Caren's Medical Treatment
Before getting ill, Caren worked as a pediatric therapist treating children with various developmental disabilities, but her true passion was working with children on the autism spectrum. She had a remarkable gift as a therapist, and was able to reach children whom others couldn’t. She left a lasting impression on both the children and their families. It became clear to me that Caren’s happiness was often measured by her ability to influence the happiness, confidence, success, and independence of the children she served.
In March 2012, Caren was diagnosed with advanced late stage neurological Lyme disease, Babesia, and Bartonella. This occurred following the sudden death of a dear friend, and after learning of her father’s terminal cancer diagnosis. Her decline was rapid and harrowing, and as a result, she lost her ability to work. She was challenged with extreme cognitive impairments, including prominent memory loss, had difficulty walking, debilitating arthritis, slurred speech, visual disturbances, and tremors. Often, she was bedridden and was so sensitive to sound, touch, and light that she was unable tolerate a simple conversation, a sheet on her body, or be in a room without the blinds drawn. She also developed epilepsy with seizures so severe that she would end up in the ICU, and on two occasions nearly lost her life. Next came another devastating blow - she developed centralized Complex Regional Pain Syndrome (also known as Reflex Sympathetic Dystrophy), which spread throughout her body. Finally, after months of suffering, it seemed her only option was a highly specialized celiac ganglion nerve block, typically used for patients dying of pancreatic cancer, to help control her intractable nerve pain. For maintenance of her pain she has to continue with ketamine infusions twice per month. In short, this once vibrant, amazing woman has spent months in 5 different hospitals over the last 3 years, has endured over a year of intensive IV therapy, undergone multiple surgeries, and has gone through periods where she was completely dependent on me for every aspect of her life. In essence, she had totally lost her independence – at only 34 years of age.
During these 3 years in which my wife has been sick, we have spent over $90,000 out of pocket on her care. We recently went to see a renowned Infectious Disease Doctor who specializes in my wife’s condition, and he recommended that she resume intense antibiotic therapy. He believes, based on decades of experience, that with this additional treatment he can bring my wife back to enjoying a fulfilling life with family and friends instead of simply surviving. My wife desperately needs this treatment, but between this and her ongoing ketamine infusions the costs are over $5,000 per month, none of which is covered by insurance. We have extended our finances, credit, and savings - spending everything we have to try to help my wife get better, but we are out of resources.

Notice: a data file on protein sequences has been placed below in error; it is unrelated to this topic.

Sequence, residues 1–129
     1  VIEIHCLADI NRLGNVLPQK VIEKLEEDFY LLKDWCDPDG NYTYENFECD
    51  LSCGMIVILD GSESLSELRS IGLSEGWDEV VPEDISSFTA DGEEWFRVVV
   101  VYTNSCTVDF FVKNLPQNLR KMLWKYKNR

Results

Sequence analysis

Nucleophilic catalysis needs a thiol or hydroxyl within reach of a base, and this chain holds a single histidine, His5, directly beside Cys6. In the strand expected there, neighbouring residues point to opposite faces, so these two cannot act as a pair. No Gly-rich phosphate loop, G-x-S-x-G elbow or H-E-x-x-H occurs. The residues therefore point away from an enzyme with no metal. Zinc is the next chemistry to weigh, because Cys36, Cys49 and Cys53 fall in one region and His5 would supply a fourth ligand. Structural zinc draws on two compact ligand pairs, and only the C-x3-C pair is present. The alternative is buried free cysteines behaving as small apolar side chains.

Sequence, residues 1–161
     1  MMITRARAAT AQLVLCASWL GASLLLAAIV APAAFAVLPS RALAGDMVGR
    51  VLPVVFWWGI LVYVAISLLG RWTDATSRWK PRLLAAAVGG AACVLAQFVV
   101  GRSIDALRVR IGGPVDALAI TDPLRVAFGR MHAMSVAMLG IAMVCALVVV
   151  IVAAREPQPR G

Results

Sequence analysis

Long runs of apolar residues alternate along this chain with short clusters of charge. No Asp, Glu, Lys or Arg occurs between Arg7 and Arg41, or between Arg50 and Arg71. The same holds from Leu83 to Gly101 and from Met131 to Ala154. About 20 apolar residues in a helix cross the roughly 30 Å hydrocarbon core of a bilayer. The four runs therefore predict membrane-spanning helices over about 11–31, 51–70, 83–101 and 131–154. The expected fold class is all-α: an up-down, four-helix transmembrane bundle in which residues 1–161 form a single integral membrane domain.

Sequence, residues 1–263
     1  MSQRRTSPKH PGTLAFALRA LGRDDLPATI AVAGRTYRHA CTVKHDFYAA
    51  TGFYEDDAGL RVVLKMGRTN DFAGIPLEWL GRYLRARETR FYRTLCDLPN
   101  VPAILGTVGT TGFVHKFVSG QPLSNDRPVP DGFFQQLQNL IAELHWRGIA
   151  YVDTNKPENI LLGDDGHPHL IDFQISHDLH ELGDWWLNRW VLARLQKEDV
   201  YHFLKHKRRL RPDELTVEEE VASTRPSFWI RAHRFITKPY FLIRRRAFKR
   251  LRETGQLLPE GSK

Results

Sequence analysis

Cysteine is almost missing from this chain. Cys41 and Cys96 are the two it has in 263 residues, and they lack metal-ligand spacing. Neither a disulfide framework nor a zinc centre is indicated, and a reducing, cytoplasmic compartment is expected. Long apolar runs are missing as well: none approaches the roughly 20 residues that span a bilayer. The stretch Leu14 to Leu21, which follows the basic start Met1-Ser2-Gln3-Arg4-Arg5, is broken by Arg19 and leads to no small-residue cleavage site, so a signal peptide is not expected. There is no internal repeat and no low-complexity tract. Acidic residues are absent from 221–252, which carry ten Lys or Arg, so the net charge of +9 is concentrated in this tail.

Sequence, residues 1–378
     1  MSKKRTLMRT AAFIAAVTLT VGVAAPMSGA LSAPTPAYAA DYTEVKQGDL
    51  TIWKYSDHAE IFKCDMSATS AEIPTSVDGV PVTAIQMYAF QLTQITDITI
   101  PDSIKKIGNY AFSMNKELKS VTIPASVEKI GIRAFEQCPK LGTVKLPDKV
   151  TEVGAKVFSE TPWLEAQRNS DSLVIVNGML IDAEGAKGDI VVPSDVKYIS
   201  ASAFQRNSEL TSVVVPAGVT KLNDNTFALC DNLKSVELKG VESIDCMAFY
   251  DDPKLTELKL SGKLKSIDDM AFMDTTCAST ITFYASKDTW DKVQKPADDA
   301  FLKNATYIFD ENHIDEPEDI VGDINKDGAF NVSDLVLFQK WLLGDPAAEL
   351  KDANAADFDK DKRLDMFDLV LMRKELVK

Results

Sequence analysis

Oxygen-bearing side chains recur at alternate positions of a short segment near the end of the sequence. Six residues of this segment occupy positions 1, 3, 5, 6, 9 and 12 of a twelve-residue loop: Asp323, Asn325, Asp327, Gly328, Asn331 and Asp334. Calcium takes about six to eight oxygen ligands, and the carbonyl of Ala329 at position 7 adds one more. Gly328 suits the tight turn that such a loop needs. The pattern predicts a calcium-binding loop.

I am doing everything I can to take care of her, provide for her, and ensure her well being. At this time I’m no longer able to do this on my own. As uncomfortable as I am asking, we need help.
The world desperately needs this amazing, gifted, special woman I am privileged to call my wife. She has a unique ability to help those who need it most, but this illness is keeping her from doing so. Now she is the one who needs help, so she can get back out into the world and do what she was put on this planet to do. So, if you could find it in your heart to contribute to her care, it would mean more than words can express. Hopefully, with your kindness and donations, my wife will be able to get back to helping those that need her the most. Be assured that 100% of all contributions received will go directly to the care of my beautiful wife, Caren.
I am blessed to be sharing my life with Caren and I am blessed with your consideration.
In the meantime, he has agreed to do a radio-frequency ablation of her splanchnic nerve, the nerve that feeds into the celiac plexus. We will have to travel to N.C. again for a diagnostic block in the next couple of weeks, where he will inject a local anesthetic into the nerve. As long as this provides her with significant pain relief, we will travel back to N.C. a second time and he will use radio-frequency waves to "kill" the nerve. Each of these procedures is a multi-day event because one of the risks associated with this block is a collapsed lung. Since the nerve has to be accessed bilaterally, they do each side on a separate day so that there is no chance of both lungs collapsing. In doing 1100 splanchnic blocks, he has had 4 instances where a patient’s lung has collapsed, all in older patients or people with underlying lung issues. So, he doesn't believe that it's a concern for Caren. Our hope is that the splanchnic block is as far as we have to go; that during the year or more of pain relief it provides, her treatment will wrap up, her nervous system will begin to heal, the pain won't return, and we can move on with our lives.
I have been saying for at least a year that if Caren's abdominal pain can be managed that she will be in a much better place, and I believe that we have finally found the doctor who can get that pain under control. In the coming months, Caren's IV therapy will be coming to an end and we will be scheduling the removal of her central line at George Washington University Hospital in DC.
Now, in addition to the ongoing expense of Caren's regular treatments, we have the added cost of traveling back and forth to N.C. at least twice in the coming weeks. Any further donations that you could find in your heart to contribute would be extremely meaningful to us at this time as we push forward with Caren's treatment.
Thank you again for your consideration and support of my wife, Caren. If it weren't for your help, I'm not sure where the two of us would be today.